THE House of Representatives approved on second reading Wednesday night the Palace-backed measure to increase the salaries and benefits of 1.3 million state workers.
Camarines Sur Rep. Rolando Andaya Jr., vice chairman of the House committee on appropriations, defended House Bill 6268 or the Salary Standardization Law of 2015, saying the measure will provide great relief to the government workers once it is passed into law.
The bill was tackled in the plenary despite the absence of quorum.
The measure was principally authored by Speaker Feliciano Belmonte Jr. and co-authored by Reps. Isidro Ungab, Majority Leader and Mandaluyong Rep. Neptali Gonzales II, Romblon Rep. Jesus Eleandro Madrona, chairman of the House committee on accounts and Minority Leader and San Juan Rep. Ronaldo Zamora.
HB 6268 was immediately calendared for committee and plenary actions after it was submitted by Malacañang last Monday.
The House committee on appropriations, chaired by Ungab, approved the measure Wednesday and had it referred to the plenary for approval on the same day.
Only Alliance of Concerned Teachers party-list Rep. Antonio Tinio voted against the measure. He said the Budget Department was misleading the government workers, especially the teachers, when it claimed salaries of public school teachers will double if the bill becomes a law by January 2016.
Andaya, in his sponsorship speech, said the proposed pay hike will be implemented in four tranches over four years starting January 2016 and, upon full implementation, will bring the compensation of all government workers to at least 70 percent of market rate or up to a 45-percent increase.
“The proposed compensation plan is composed of across-the-board salary increase plus a mid-year bonus equivalent to one-month basic salary and the new Performance-based Bonus as an added bonus contingent on performance,” Andaya said.
As stated in the proposed measure, Andaya said, the 14th month pay or mid-year bonus, in addition to the present year-end bonus or 13th month pay, will account for an 8-percent increase in annual salaries.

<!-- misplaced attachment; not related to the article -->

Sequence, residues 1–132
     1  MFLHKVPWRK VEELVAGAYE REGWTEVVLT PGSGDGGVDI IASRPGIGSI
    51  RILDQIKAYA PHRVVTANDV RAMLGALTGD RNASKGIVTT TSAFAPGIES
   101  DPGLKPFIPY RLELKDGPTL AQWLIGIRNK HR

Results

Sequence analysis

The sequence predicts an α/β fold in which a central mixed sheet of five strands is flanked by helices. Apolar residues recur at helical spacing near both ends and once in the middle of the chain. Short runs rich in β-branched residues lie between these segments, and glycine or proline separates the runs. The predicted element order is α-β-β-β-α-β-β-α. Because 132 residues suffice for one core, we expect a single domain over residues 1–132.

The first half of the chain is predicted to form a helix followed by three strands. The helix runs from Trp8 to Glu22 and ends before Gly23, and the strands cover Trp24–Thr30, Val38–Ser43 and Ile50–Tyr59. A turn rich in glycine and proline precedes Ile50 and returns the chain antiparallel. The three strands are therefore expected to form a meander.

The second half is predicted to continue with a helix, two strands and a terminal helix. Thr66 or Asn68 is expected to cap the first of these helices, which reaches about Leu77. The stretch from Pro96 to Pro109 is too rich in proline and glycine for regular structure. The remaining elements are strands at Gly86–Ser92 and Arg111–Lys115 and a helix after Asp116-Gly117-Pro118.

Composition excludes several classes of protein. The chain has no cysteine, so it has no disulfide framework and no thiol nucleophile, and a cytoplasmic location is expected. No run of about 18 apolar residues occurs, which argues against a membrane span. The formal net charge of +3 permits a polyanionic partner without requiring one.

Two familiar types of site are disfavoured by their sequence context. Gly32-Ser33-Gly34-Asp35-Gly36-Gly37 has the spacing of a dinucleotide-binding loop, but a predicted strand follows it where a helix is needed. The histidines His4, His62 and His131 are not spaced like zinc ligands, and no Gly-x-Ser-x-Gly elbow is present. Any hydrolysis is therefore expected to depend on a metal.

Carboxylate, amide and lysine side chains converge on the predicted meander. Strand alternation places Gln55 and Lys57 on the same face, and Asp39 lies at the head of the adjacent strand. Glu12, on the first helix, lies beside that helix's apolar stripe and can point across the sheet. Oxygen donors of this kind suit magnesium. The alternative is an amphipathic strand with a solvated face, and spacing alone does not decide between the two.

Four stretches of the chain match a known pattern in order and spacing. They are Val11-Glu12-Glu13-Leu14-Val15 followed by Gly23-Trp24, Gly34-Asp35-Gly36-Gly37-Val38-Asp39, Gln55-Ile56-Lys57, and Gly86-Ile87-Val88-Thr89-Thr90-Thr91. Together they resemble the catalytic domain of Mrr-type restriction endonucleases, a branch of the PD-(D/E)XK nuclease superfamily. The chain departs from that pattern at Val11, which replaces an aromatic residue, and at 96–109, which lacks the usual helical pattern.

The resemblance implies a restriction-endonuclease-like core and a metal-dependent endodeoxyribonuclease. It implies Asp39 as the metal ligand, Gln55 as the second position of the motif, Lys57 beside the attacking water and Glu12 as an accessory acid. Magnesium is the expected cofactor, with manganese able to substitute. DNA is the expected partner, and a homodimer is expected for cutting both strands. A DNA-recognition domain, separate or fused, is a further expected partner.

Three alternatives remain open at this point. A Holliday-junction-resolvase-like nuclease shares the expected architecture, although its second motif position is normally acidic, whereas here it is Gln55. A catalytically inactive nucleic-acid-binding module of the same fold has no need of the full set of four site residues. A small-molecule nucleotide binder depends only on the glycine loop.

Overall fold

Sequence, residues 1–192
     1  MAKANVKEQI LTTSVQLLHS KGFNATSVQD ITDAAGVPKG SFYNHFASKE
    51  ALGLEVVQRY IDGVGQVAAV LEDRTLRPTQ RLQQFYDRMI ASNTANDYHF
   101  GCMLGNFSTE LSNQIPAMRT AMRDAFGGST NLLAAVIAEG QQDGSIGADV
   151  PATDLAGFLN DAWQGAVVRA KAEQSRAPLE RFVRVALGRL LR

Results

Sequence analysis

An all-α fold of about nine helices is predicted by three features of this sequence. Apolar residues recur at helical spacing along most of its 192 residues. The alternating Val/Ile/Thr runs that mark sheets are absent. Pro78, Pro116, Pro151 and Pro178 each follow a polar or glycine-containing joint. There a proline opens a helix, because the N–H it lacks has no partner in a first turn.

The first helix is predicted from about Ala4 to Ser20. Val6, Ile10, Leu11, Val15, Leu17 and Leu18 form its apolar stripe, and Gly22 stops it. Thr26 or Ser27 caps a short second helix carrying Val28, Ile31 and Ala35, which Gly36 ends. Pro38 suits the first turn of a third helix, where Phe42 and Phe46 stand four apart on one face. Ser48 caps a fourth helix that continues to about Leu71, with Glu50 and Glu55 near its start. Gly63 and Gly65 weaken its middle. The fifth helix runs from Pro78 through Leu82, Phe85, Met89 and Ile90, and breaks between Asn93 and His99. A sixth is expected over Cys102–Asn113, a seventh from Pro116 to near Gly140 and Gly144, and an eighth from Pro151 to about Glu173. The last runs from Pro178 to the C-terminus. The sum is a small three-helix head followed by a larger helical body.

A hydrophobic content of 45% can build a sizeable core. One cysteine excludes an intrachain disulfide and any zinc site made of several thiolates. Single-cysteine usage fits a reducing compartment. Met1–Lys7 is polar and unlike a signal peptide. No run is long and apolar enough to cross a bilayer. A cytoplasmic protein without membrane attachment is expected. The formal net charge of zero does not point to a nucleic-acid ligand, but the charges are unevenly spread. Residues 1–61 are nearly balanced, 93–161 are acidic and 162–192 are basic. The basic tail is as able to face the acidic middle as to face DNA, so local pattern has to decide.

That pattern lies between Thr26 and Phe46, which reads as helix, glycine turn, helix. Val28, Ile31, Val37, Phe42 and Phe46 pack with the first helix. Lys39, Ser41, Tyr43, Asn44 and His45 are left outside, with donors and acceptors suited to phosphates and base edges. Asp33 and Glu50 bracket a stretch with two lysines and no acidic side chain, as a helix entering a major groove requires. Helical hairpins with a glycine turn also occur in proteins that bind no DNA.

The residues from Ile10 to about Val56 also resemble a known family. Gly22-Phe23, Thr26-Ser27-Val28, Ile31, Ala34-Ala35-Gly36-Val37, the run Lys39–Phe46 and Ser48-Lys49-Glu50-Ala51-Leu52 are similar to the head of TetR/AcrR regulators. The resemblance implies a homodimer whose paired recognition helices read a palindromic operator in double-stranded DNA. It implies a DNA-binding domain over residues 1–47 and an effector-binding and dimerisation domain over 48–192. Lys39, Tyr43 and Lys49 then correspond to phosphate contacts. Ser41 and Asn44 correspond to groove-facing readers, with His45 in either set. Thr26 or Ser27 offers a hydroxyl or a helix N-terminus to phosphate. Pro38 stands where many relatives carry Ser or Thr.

Andaya said the PBB will be equivalent to one to two months basic salary or an 8 to 16 percent increase depending on the employee’s position.
The House was expected to approve the measure on third and final reading on the same night it approved the measure on second reading.
The leader of the independent minority bloc in the House, Leyte Rep. Ferdinand Martin Romualdez, welcomed the bill’s approval.
“I congratulate our colleagues from the House committee on appropriations for immediately approving the SSL 2015 because this is a long-overdue legislation to extend economic assistance to our state workers,” Romualdez said.
“But we should further examine the measure by pushing for a higher increase than the proposal offers for low-level and middle-level employees like teachers and nurses because they need better pay the most,” he added.
“I suggest to reduce the performance-based bonus so that we can generate funds to support the basic salary instead,” he added.
Senate President Franklin Drilon filed a counterpart bill on Wednesday that provides a weighted average increase of 45 percent in the total compensation of all government personnel over a four-year period.
“The economy is in the right course and we will take advantage of the favorable condition to raise the pay scheme in the government and align it with the compensation received by employees from the private sector,” Drilon said.
“It is about time that we adjust the salaries of the hardworking men and women who have helped the government to fulfill its mandates to the people,” he added.
Drilon said the bill, co-authored by Finance Committee chair Loren Legarda, will encourage employees to stay longer in government and boost their morale and productivity.
He noted that the low pay rate is the main reason the government could not keep its employees.
Citing a study commissioned by the Department of Budget and Management, Drilon said the pay scheme in government is 45 percent below market.
This is particularly true for professionals and middle managers in government who only get around 41 percent and 25 percent of market rates, respectively, Drilon said.
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